Directed by Charlotte Peters whose most recent work includes Billy and Me, starring Jon Culshaw, part of Barnes’ People, Torben Betts’ Apollo 13: The Dark Side of the Moon starring Chris Harper, Michael Salami & Tom Chambers, and the hit, 5-star production of Sebastian Faulks and Rachel Wagstaff’s Birdsong Online, all for Original Theatre Company. Charlotte is Associate Director on the National Theatre’s War Horse and Stephen Daldry’s An Inspector Calls and other theatre work includes How Love Is Spelt at Southwark Playhouse starring Michelle Collins and Nigel Boyle, Normality starring Dan Buckley and Pippa Evans at The Other Palace and Caste starring Paul Bradley and Susan Penhaligon at the Finborough Theatre. Charlotte’s short film Reasons by Duncan Moore will be released later this year for the BFI. She is directing a live-streamed interactive production of Peter Pan this Christmas following the success of Cinderella last year which reached an audience of over 100,000. 

 

 

In 1972 the Soho Theatre (founded in 1968 and now based on London’s Dean Street) moved to a basement on Riding House Street owned by the Polytechnic of Central London (now University of Westminster). Here it became known as the Soho Poly and, for twenty years, it was to have a hugely important role on the fringe and alternative theatre scene.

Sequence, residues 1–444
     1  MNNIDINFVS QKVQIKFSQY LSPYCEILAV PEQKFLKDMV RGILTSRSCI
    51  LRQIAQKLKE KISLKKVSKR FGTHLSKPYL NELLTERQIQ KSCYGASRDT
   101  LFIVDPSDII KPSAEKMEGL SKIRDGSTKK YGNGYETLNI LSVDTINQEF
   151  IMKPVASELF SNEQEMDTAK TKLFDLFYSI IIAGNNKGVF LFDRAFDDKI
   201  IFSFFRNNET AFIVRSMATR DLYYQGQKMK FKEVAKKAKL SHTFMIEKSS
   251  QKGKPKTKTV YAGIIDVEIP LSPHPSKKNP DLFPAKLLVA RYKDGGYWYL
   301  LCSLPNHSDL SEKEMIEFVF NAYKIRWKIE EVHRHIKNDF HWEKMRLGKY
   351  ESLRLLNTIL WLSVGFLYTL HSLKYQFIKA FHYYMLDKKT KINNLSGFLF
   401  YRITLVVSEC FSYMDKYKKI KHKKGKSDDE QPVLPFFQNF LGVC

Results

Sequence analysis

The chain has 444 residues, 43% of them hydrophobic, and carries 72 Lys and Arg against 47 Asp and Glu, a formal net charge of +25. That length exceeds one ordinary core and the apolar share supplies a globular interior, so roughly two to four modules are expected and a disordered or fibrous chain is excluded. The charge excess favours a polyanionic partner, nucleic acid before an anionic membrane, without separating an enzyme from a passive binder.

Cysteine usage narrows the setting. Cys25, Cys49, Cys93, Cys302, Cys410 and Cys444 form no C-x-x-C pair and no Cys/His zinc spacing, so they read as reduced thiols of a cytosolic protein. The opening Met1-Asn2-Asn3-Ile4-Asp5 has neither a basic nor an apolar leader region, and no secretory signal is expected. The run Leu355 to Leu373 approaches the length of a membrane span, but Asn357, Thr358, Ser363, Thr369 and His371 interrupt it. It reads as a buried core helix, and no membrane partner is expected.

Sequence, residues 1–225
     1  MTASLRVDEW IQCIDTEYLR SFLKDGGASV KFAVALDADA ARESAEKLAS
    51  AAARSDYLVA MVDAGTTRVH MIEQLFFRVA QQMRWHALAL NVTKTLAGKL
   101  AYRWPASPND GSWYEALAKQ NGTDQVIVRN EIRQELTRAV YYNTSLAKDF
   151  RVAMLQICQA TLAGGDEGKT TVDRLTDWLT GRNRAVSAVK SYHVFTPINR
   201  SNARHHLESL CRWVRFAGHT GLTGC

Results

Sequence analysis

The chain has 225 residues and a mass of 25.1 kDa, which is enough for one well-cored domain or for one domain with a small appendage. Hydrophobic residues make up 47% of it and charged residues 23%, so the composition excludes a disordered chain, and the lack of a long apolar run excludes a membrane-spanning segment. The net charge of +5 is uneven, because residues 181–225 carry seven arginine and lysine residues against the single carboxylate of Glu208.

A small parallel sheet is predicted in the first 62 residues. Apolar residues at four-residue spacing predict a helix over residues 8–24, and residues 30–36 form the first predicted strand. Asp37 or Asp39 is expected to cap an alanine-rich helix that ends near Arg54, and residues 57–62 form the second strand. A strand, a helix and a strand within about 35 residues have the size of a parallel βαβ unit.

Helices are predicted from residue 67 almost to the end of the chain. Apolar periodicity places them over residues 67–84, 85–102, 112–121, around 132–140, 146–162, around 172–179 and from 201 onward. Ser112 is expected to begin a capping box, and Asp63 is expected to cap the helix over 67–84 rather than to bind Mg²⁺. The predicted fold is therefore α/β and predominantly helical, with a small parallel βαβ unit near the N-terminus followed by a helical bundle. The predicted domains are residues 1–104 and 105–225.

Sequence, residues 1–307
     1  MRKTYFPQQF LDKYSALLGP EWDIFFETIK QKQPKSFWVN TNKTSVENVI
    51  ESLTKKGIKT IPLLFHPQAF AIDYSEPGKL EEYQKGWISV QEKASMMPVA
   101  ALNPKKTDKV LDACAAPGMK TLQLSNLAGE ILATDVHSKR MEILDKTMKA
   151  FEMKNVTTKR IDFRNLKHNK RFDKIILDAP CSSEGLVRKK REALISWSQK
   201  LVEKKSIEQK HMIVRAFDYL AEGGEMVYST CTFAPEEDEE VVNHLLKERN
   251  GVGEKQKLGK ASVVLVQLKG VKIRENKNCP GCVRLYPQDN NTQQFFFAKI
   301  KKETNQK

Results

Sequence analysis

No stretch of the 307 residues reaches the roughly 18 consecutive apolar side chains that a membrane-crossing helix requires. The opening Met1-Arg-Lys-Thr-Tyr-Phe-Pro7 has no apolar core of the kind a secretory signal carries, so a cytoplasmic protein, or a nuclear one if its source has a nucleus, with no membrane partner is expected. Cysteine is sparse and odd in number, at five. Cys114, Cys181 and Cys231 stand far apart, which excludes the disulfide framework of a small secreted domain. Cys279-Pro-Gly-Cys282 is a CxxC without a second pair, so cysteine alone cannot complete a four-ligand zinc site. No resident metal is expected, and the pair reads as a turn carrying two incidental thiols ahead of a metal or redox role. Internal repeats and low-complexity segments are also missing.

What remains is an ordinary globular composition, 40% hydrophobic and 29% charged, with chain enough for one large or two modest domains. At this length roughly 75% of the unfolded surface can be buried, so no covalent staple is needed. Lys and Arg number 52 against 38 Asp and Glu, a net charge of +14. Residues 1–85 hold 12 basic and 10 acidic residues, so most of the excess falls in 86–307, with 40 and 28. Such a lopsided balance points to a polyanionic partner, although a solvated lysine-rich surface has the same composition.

Hanif Kureishi, Caryl Churchill, Timberlake Wertenbaker, Nigel Hawthorne and Simon Callow are just some of those who passed through its doors. 

The Soho Poly was a pioneer of ‘lunchtime theatre’, which was part of an attempt to make theatre more inclusive by bringing arts and culture into the heart of the ordinary working day. Lunchtime theatre also offered opportunities to many artists who found themselves excluded from mainstream theatre. Sadly, the Riding House basement was abandoned in 1990, but there is now a major fundraising project underway to fully restore and revive it and DANCE is its first venture.  

DANCE has been made possible by the generous support of the Schools of Law and Humanities at the University of Westminster. See here for the fundraising campaign to restore the historic Soho Poly venue.

The Soho Poly has also just received 88K of funding from the National Lottery Heritage Fund for a schools’ outreach project championing diversity and inclusion in the arts.